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The Lysholm score: Cross cultural validation and evaluation of psychometric properties of the Spanish version

  • Manuel Arroyo-Morales,

    Roles Conceptualization, Data curation, Funding acquisition, Supervision, Validation, Writing – review & editing

    Affiliations Department of Physical Therapy, University of Granada, Granada, Spain, Biohealth Research Institute in Granada (ibs.GRANADA), Granada, Spain, Sport and Health University Research Institute (iMUDS), Granada, Spain

  • Jose Martin-Alguacil,

    Roles Formal analysis, Investigation, Methodology, Writing – original draft

    Affiliation Orthopedic Surgery Service Hospital Nuestra Señora de la Salud, Granada, Spain

  • Mario Lozano-Lozano,

    Roles Formal analysis, Investigation, Supervision, Writing – review & editing

    Affiliations Department of Physical Therapy, University of Granada, Granada, Spain, Sport and Health University Research Institute (iMUDS), Granada, Spain

  • Antonio I. Cuesta-Vargas,

    Roles Conceptualization, Investigation, Methodology, Project administration, Writing – review & editing

    Affiliations Department of Physical Therapy, Faculty of Health Sciencies, University of Málaga, Andalucia Tech, Instituto de Investigación en Biomedica de Málaga (IBIMA), Grupo de Clinimetria, Malaga, Spain, School of Clinical Sciences, The Queensland University of Technology, Brisbane, Australia

  • Andrés J. Fernández-Fernández,

    Roles Investigation, Methodology, Writing – original draft

    Affiliation Department of Physical Therapy, University of Granada, Granada, Spain

  • Jose A. González,

    Roles Conceptualization, Formal analysis, Project administration, Supervision, Writing – review & editing

    Affiliation Department of Computer Science, University of Sheffield, Sheffield, United Kingdom

  • Yelverton Tegner,

    Roles Conceptualization, Methodology, Supervision, Validation, Writing – review & editing

    Affiliation Division of Medical Sciences, Department of Health Sciences, Luleå University of Technology, Luleå, Sweden

  • Irene Cantarero-Villanueva

    Roles Conceptualization, Data curation, Formal analysis, Methodology, Project administration, Resources, Supervision, Validation, Visualization, Writing – review & editing

    Affiliations Department of Physical Therapy, University of Granada, Granada, Spain, Biohealth Research Institute in Granada (ibs.GRANADA), Granada, Spain, Sport and Health University Research Institute (iMUDS), Granada, Spain

The Lysholm score: Cross cultural validation and evaluation of psychometric properties of the Spanish version

  • Manuel Arroyo-Morales, 
  • Jose Martin-Alguacil, 
  • Mario Lozano-Lozano, 
  • Antonio I. Cuesta-Vargas, 
  • Andrés J. Fernández-Fernández, 
  • Jose A. González, 
  • Yelverton Tegner, 
  • Irene Cantarero-Villanueva



This study aims at assessing the validity and reliability of the Spanish version of the Lysholm score, a widely used instrument for assessing knee function and activity level after ligament injuries.


Ninety-five participants (67.4% male, 22±5 years) completed the questionnaire twice within 7 days and a subsample of 42 participants completed a test-retest reliability. Reliability, validity and feasibility psychometric properties were studied. The validity of the questionnaire was analysed using ceiling and floor effects. Factor structure and construct validity were analysed with the SF-36, the Hip and Knee Questionnaire (HKQ) and one leg jump test (OLJT).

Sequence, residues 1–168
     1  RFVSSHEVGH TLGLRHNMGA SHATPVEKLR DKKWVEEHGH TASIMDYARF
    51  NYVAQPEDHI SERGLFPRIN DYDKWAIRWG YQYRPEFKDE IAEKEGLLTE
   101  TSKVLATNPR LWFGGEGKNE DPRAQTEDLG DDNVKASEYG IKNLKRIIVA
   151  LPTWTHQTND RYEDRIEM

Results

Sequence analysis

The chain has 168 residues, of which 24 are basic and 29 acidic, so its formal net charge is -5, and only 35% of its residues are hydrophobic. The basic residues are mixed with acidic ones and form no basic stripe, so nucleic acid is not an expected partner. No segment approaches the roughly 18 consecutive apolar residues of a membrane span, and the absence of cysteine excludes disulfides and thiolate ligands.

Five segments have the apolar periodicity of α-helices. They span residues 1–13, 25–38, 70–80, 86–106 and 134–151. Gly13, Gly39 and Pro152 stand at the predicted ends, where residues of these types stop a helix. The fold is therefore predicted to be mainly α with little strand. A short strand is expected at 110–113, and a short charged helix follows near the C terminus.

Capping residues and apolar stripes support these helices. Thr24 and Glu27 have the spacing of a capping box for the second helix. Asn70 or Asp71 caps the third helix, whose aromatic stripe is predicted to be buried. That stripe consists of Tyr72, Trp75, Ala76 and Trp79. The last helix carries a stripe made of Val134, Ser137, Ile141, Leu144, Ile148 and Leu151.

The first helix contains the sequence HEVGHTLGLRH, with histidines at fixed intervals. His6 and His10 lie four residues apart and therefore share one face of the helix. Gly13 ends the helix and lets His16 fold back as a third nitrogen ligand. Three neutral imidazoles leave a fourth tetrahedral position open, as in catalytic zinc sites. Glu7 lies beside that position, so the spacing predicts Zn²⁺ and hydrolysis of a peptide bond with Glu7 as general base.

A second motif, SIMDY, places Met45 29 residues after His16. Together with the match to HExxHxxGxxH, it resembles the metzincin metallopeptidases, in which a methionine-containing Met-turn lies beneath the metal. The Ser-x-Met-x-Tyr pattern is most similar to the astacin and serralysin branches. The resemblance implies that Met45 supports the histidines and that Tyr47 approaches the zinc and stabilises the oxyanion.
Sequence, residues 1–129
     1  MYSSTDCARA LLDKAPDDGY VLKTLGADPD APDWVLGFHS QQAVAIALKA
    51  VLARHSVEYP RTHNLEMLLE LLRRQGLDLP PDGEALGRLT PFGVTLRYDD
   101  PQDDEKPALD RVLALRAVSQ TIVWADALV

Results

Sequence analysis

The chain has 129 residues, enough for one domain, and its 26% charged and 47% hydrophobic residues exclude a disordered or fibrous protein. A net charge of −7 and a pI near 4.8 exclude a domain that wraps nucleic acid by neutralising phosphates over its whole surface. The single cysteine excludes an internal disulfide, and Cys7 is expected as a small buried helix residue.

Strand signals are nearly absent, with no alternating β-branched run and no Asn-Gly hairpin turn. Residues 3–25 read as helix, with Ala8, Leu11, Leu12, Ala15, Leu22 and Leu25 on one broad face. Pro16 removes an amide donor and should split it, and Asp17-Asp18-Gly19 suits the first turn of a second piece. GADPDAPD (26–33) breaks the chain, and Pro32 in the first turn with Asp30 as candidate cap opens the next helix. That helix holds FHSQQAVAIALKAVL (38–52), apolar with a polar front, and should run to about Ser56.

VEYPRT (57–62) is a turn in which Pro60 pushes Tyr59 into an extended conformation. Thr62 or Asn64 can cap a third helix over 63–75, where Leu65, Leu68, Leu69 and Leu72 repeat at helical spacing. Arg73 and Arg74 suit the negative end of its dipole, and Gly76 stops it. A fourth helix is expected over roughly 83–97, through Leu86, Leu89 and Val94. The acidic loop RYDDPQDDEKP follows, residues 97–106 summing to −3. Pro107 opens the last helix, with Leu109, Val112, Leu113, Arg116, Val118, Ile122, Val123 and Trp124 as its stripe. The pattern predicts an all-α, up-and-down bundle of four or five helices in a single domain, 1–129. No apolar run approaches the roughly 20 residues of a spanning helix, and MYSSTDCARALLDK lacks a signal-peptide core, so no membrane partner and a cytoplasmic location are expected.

Criterion validity with the SF-36 Physical State was moderate (r = 0.50 and p<0.01), poor and inverse relationship (r = -0.31, p<0.01) with HKQ and positive moderate (r = 0.59, p<0.01) with OLJT. Measurement error from MDC90 was 3.9%. Exploratory factor analysis demonstrated a one-factor solution explaining 51.5% of total variance. The x2 test for the one-factor model was significant (x2 = 29.58, df = 20, p < 0.08). Test-retest reliability level was high (ICC2.1 = 0.92, p<0.01) and also the internal consistency (α = 0.77).


The Spanish Lysholm score demonstrated that it is a reliable and valid instrument that can be used to assess knee function after ligament injuries.


Anterior cruciate ligament (ACL) injuries account for more than 50% of all sustained knee injuries [1]. In fact, ACL rupture has epidemiological importance of the first order, since it has been estimated that annually one out of every 3000 people suffers an ACL tear in the United States. Focusing on Europe, and more specifically on Spain, this percentage reaches 40% [2,3]. Approximately 70% of all ACL injuries are noncontact in nature and 30% are contact injuries [4]. In addition, ACL lesions have been associated with giving-way episodes and development of meniscus tears and knee osteoarthritis [5]. One study states that the incidence of meniscus tears in patients with an ACL lesion is 40% in the first year, 60% in the fifth year and up to 80% 10 years after the injury [6]. It is important to highlight the relationship between the ACL lesion and the stability and activity of the patient. A third of people with an ACL injury will compensate well and will successfully return to their activities without surgery. However, another third could return to recreational activities with effort and a last third may not be able to return due to instability of the knee, requiring surgery [7]. For all this, it is vitally important to monitor patients over time after the ACL injury. In addition, the evaluation of the medium and long-term consequences must be carried out. The Lysholm score was developed to evaluate function and activity after ACL surgery in terms of stability [8] and graded activity [9]. It has also been validated as an instrument administered by the patient to measure symptoms and function in patients with various knee injuries [1012].